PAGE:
"Ish Ga Fret" (I should worry) in 1914 baseball article

Sam Clements sclements at NEO.RR.COM
Mon Sep 8 05:13:59 UTC 2003

If what Evan Morris says about there being a 1913 popular song by Sam Lewis
called "Isch Gabibble" is the theory that Green and Chapman hold, then my
searching of ancestry.com would confirm that the song popularized the term.

I searched from 1908-1913 using "ga bibble" "ki bibble" "ka bibble."  I got
zero hits 1908-1912.  In 1913, I got hits from Modesto(CA) for "ich ka
bibble," from Whichita Falls(TX) for "I-sha-ga-bibble"(in a furniture store
ad), Sheboygan(WI) "Ish-ga-bibble" (the bowling team!)

Can you imagine how they would have mangled "Danke Schoen" if IT had been
the 1913 hit!

----- Original Message -----
From: "Douglas G. Wilson" <douglas at NB.NET>
Sent: Monday, September 08, 2003 12:45 AM
Subject: Re: "Ish Ga Fret" (I should worry) in 1914 baseball article

> There are various notions as to the origin of "ish-kabibble" (e.g., in
> Green's dictionary ... and Chapman's [same notion] ... and Partridge's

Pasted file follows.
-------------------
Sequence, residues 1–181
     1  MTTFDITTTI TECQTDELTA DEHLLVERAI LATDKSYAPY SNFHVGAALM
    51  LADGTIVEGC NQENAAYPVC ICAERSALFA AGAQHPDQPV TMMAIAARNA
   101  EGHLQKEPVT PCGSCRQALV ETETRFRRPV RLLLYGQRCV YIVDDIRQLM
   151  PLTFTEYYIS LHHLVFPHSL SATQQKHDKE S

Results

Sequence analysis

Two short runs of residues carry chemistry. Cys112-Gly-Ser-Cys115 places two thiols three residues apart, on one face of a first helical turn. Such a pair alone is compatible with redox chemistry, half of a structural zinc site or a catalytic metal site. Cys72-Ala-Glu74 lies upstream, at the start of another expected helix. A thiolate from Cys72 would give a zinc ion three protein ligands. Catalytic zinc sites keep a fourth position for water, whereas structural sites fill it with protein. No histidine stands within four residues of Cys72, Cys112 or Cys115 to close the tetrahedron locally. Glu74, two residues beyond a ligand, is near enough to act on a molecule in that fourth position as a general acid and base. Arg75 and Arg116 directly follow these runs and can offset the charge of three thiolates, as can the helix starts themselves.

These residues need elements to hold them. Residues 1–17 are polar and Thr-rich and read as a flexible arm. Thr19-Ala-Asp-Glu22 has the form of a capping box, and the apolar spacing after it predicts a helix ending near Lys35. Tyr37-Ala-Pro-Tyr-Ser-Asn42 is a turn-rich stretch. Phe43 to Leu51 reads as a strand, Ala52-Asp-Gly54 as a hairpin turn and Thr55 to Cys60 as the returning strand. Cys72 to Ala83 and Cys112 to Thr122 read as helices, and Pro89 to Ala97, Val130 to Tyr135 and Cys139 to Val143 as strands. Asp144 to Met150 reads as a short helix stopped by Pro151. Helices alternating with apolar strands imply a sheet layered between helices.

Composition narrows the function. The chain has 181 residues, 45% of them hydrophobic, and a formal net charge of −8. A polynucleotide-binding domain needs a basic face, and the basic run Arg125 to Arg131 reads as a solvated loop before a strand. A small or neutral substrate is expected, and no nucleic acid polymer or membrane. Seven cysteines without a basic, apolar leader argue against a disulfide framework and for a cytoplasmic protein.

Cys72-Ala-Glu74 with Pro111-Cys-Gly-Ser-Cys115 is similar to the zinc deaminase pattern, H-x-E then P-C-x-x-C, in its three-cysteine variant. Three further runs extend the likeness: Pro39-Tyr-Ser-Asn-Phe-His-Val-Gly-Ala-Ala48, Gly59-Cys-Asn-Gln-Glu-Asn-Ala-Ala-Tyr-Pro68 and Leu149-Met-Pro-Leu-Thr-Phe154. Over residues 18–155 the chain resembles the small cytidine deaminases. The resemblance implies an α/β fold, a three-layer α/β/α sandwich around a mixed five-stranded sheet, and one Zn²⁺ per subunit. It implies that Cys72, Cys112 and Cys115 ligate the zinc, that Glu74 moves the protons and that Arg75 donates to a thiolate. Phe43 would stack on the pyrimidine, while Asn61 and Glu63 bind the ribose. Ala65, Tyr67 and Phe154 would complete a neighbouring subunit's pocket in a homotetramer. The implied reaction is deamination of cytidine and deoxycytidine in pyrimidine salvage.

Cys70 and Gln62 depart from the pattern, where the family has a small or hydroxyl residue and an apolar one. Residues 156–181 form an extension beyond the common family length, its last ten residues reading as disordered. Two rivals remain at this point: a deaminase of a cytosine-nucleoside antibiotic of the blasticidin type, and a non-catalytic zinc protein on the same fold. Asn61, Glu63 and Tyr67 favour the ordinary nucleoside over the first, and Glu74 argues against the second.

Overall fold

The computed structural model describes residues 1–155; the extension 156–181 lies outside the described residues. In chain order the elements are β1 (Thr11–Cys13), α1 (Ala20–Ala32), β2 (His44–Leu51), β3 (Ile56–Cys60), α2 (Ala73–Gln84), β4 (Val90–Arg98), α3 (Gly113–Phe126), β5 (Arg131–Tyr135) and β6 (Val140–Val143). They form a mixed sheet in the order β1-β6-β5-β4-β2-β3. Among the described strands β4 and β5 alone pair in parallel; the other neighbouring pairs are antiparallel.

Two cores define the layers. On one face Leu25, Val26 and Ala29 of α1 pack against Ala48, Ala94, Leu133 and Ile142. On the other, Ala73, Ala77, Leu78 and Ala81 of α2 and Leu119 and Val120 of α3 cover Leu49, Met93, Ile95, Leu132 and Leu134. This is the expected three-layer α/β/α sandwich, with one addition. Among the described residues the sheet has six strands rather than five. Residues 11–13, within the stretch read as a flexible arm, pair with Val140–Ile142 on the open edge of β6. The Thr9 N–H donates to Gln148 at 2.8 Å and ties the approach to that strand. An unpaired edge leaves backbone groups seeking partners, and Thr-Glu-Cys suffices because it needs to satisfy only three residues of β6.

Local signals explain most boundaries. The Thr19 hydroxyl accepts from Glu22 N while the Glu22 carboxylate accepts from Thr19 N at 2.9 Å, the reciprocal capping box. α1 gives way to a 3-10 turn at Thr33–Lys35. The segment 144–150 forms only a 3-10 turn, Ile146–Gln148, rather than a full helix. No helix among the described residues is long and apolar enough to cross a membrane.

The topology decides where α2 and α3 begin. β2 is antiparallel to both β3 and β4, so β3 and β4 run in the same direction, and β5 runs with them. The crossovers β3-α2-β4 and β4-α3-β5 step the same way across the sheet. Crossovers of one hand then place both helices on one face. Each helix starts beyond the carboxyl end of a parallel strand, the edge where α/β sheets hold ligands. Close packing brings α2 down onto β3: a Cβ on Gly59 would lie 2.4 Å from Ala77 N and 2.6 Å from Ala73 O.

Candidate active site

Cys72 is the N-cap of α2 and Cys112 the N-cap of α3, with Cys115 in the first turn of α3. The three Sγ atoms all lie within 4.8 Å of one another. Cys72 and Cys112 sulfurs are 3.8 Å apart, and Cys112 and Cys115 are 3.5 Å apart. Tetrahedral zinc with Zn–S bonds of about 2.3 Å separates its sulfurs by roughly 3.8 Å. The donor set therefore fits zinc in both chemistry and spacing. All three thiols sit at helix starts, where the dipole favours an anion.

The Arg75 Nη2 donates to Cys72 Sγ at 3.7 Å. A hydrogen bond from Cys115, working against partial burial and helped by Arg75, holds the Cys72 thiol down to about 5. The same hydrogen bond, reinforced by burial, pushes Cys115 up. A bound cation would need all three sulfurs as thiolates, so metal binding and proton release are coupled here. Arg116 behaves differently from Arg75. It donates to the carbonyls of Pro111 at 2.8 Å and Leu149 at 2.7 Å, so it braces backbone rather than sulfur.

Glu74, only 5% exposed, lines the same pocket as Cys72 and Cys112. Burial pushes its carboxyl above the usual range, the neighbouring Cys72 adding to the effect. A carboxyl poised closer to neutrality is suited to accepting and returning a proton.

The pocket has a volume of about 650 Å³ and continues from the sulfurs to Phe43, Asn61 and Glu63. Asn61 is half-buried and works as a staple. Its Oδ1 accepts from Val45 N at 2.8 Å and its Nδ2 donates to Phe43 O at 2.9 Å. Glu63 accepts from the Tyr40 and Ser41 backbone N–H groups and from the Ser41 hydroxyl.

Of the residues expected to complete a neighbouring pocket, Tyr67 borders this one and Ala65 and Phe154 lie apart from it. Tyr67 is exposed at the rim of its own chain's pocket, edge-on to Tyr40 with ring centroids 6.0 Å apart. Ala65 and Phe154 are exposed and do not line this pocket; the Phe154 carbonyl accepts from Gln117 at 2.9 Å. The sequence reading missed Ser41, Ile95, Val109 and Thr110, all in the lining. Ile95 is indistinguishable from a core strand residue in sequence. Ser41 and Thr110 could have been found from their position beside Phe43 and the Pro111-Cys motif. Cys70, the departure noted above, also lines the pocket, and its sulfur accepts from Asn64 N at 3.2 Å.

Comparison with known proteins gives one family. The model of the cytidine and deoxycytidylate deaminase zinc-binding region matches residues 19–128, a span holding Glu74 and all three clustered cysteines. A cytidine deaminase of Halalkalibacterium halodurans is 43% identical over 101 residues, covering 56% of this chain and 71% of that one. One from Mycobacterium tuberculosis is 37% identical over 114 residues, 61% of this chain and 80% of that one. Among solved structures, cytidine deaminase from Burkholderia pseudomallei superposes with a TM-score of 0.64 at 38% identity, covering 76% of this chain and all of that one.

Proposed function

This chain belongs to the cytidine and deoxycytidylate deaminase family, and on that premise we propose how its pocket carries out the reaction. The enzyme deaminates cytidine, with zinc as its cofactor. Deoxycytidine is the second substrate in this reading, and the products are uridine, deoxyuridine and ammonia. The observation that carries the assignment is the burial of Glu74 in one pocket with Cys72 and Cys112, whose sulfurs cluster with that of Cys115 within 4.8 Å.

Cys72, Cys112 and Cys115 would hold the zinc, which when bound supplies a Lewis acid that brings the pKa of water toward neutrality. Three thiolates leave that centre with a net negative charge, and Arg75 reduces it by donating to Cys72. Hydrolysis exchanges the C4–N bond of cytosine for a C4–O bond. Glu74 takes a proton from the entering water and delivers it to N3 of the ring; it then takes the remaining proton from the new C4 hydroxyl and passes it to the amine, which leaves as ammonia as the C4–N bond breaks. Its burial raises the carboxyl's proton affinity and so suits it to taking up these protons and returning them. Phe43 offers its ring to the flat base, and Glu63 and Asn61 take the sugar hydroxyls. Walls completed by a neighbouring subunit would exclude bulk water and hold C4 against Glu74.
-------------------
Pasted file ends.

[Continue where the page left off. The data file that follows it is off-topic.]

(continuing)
> [different one]). I don't know whether any of these is substantiated or
> even plausible. If the phrase has been heavily mangled, then the
> "ish"/"ich" may be spurious along with the rest. If the phrase has not
> so severely altered, then someone familiar with German dialects could
> perhaps make a good guess. I am ignorant of such things, so I can make
> a silly wild speculation, viz. that "ga" could be "gah" = "gehe" = English
> "go". The "bibble" might could = German "bibbern" (= "jitter" in English),
> and perhaps the whole construction is 'future' or something similar, with
> "gehen" as an 'auxiliary'. Another possibility (?): "ga" = German "gar",
> just an intensifier. Either way the expression would be sarcastic,
> analogous but not exactly equivalent to the above expression with
> And of course the "ga" could also be the "ge-" customary in German past
> participles etc. ... but then what's the "bibble"?
> -- Doug Wilson

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